Parliament raps Ministry of Finance for shoddy work


Zimbabwe’s parliamentary committee on public accounts today criticized Treasury for failing to adhere to laid down reporting procedures following an audit which highlighted glaring discrepancies in the state’s financial statements.

Finance secretary Willard Manungo appeared before the committee today.

The legislators questioned the completeness and accuracy of information contained in the financial statements after an audit by the Auditor General revealed, among other issues, that the Finance Ministry did not maintain a Public Financial Assets Register with details of loans and investments that were made to parastatals, the private sector and various other organizations.

The audit report also identified differences between current year opening balance and prior year closing balances.

“The audited closing balance for Contingent Liabilities as at December 31, 2011 was $940 995 486 however the Statement submitted for the audit reflected an opening balance of $1 453 366 028 as at January 1, 2012. There was no audit evidence or explanation provided for the adjusted balance,” the Auditor General’s report said.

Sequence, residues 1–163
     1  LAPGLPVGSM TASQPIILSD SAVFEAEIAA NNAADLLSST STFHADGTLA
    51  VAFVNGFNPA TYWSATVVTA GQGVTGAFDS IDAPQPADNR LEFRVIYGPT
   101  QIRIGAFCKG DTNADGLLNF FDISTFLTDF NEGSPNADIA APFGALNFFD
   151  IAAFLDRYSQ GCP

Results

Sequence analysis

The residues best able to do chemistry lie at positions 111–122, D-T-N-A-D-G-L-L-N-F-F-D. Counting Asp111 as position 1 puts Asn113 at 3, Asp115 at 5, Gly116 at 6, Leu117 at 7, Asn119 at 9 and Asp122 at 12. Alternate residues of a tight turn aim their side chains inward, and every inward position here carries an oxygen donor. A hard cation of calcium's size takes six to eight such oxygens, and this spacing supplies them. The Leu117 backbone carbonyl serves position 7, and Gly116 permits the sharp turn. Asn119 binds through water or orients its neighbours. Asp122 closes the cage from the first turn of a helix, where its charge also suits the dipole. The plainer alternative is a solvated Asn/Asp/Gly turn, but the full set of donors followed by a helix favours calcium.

The lawmakers questioned why Treasury made direct payments amounting to $187 781 965 to service providers on behalf of other ministries, with the audit noting that some of the payments were not adequately supported.

Committee chairperson Paurina Mpariwa (MDC) said Treasury’s conduct did not enhance transparency and accountability in the management of public resources.

Manungo promised to look into the matters raised in the audit and to report back to parliament.

The audit report made note of inconsistencies in the recording of transactions between Treasury and line ministries as well as unreliable balances on the Consolidated Revenue Fund (CRF).

“Balances made on the returns for the Public Financial Assets returns compiled by line ministries and the Statement prepared by Treasury had different balances, resulting in a net variance of $7 004 897 rendering the statement unreliable,” the report said.

“The returns that feed into the CRF like the Revenue and Finance Statements, Revenue Received and Public Financial Assets had material misstatements resulting in the CRF as a whole being unreliable and inaccurate.”- The Source


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Charles Rukuni
The Insider is a political and business bulletin about Zimbabwe, edited by Charles Rukuni. Founded in 1990, it was a printed 12-page subscription only newsletter until 2003 when Zimbabwe's hyper-inflation made it impossible to continue printing.


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